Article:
At some point, practically everyone who drives a car will see those blue lights flashing in their rearview mirror, the signal that you are being stopped and need to pull over. It might make some people nervous, but the chances are, you’re probably only going to get a speeding ticket.
However, more observant drivers may have noticed a peculiar police habit – officers often touch or tap the back of your car as they approach your window. So, for anyone who’s curious, here we answer the question, why do cops touch the back of your car?
If you want a preview of some of the stuff we’re going to be talking about, you can also check out this video before reading on.
What happens when police pull you over?
If you search online, some fairly outlandish explanations have been suggested for why police officers touch the back of your car as they approach you. However, to understand the real reason, we need to think about what’s going on from the cop’s point of view.
When a police officer pulls you over, it’s usually for a very minor offence – perhaps you were driving too fast or maybe one of your taillights was out.
However, while you might feel a little nervous when the police officer approaches, if you’re guilty of nothing more than this kind of minor transgression, you should have nothing to worry about.
The police officer, on the other hand, has no idea who or what is in the car they are approaching.
If the driver has committed a crime, perhaps a serious one, seeing the police officer approach might cause them to panic and behave in an unpredictable, even dangerous way – and the police officer has no way to know in advance.
A safety net for the officer
With this in mind, in the past, police were trained to touch the back of the vehicle as they approached it to leave a fingerprint on the car. This acted as a kind of security net if anything went wrong.
For example, if a criminal thought they were about to be arrested – perhaps for a murder or other serious crime – and out of desperation, decided to do try to escape, there would be some evidence to link the police officer to that vehicle.
If the police officer was then killed or seriously injured, and the criminal claimed that the car had not been anywhere near the officer or the scene of the crime, the fingerprint on the back of the vehicle would prove otherwise.
Of course, fingerprints can be washed off and will quickly disappear with exposure to sunlight, rain etc., but at least it would give something for other officers to look for.
Why do they still do it?
This is all very well and makes sense – but why do officers still do it now in an age where every car has a dashcam and every cop has a bodycam?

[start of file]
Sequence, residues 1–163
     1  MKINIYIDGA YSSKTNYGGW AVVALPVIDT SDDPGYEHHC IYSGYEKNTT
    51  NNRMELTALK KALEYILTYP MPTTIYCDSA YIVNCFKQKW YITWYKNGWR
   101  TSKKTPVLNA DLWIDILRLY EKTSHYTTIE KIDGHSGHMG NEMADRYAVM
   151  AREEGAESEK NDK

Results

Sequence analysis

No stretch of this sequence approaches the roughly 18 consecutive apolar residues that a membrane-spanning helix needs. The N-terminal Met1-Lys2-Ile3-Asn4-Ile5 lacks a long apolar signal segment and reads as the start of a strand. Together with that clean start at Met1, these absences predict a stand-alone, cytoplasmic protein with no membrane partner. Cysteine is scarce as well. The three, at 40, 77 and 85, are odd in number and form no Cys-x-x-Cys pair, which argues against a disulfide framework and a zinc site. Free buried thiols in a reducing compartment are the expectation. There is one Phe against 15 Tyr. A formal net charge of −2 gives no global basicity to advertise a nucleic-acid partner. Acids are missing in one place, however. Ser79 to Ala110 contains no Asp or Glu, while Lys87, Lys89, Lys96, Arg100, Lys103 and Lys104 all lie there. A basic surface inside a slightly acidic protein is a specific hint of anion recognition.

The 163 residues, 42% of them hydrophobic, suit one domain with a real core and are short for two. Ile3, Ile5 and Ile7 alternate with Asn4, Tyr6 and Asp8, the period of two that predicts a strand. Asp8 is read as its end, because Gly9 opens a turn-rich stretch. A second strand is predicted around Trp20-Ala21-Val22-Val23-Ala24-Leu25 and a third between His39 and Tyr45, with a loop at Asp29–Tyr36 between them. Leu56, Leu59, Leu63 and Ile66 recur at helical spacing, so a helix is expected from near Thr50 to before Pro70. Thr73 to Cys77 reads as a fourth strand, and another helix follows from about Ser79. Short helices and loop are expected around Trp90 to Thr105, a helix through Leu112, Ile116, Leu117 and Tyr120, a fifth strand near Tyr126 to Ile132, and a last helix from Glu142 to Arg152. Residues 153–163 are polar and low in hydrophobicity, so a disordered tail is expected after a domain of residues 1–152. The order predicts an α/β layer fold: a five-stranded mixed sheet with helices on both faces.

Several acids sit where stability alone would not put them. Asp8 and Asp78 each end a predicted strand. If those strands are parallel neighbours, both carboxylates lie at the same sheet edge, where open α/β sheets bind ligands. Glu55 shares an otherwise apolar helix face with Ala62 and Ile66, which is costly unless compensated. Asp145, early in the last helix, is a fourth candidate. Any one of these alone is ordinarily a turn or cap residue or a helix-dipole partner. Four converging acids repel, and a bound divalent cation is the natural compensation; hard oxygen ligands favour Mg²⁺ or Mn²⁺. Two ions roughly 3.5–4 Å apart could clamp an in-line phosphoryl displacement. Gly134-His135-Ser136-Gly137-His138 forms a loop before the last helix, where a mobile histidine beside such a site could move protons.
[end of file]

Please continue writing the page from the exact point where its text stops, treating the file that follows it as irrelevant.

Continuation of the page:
Well, these new technologies haven’t been around for so long, and older officers may just do it out of habit. After all, if you’ve been doing it that way for 15 years, you may find that old habits die hard.
Plus, it still gives you one other piece of evidence in case everything else fails.
But there are a couple of other reasons, too.
To spook criminals?
Another reason why police officers touch cars is that it is a technique designed to surprise potential criminals and disrupt whatever they might be doing as the officer approaches.
Imagine someone in the car who is scrambling to hide something they don’t want the police officer to see – a stash of drugs, for example.
Hearing a sudden tap on the rear of the car might confuse someone for a moment or two, just long enough for the police officer to see whatever it was the driver was trying to hide. However, for any innocent driver, the tap would have no effect.
This may or may not be effective, but since the police officer doesn’t know what to expect, it is a trick that’s worth trying to give them a slight edge.
To “feel out” the situation
One final reason is that the police officer is trying to get a feel for the situation.
Again, as we have noted, the police officer doesn’t know how the situation will develop. In the majority of cases, the driver is a regular, law-abiding citizen who may just have been driving slightly over the speed limit.
However, it’s a question of numbers. If the police officer stops 100 drivers, or even 1,000, eventually, one of them will have something to hide or will behave unpredictably.
For this reason, when police officers approach cars, they tune their senses to detect any signs that all is not well.
By placing a hand on the car, they might sense unusual movement in the vehicle. Perhaps it could just be the family dog – but until the police officer knows that for sure, tiny signs like movement can tell an experienced cop to remain vigilant.
Again, just placing a hand on the back of a car for a brief moment might not give the police officer any extra information, but one time in a hundred, it might set alarm bells ringing – and that could be the difference between resolving the situation safely and being killed or injured.
Remember, you may only get pulled over very rarely, but for the police officer, it is a daily occurrence – and for the police officer, things only need for things to turn out badly once for them to lose their life. They don’t get a second chance.
Some crazy ideas – and some rational ones
We’ve seen a lot of stuff online about why cops touch the back of cars, and some of it is very fanciful. The main reason is to leave a fingerprint on the car – even though this is no longer necessary – and there are also a couple of other reasons why cops persist with this habit.